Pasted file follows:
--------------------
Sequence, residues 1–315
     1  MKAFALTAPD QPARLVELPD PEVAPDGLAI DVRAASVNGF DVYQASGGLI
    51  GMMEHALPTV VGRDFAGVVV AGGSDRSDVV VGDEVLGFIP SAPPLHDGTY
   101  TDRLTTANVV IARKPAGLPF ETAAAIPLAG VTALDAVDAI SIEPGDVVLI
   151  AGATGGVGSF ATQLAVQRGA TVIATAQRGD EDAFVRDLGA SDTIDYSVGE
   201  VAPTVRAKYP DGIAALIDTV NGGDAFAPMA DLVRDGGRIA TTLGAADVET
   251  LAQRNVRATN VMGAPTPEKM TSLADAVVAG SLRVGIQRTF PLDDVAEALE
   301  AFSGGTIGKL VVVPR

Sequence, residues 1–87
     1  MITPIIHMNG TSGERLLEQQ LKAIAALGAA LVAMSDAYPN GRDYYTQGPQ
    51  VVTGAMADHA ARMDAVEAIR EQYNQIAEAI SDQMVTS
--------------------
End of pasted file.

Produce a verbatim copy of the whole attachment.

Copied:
Sequence, residues 1–315
     1  MKAFALTAPD QPARLVELPD PEVAPDGLAI DVRAASVNGF DVYQASGGLI
    51  GMMEHALPTV VGRDFAGVVV AGGSDRSDVV VGDEVLGFIP SAPPLHDGTY
   101  TDRLTTANVV IARKPAGLPF ETAAAIPLAG VTALDAVDAI SIEPGDVVLI
   151  AGATGGVGSF ATQLAVQRGA TVIATAQRGD EDAFVRDLGA SDTIDYSVGE
   201  VAPTVRAKYP DGIAALIDTV NGGDAFAPMA DLVRDGGRIA TTLGAADVET
   251  LAQRNVRATN VMGAPTPEKM TSLADAVVAG SLRVGIQRTF PLDDVAEALE
   301  AFSGGTIGKL VVVPR

Sequence, residues 1–87
     1  MITPIIHMNG TSGERLLEQQ LKAIAALGAA LVAMSDAYPN GRDYYTQGPQ
    51  VVTGAMADHA ARMDAVEAIR EQYNQIAEAI SDQMVTS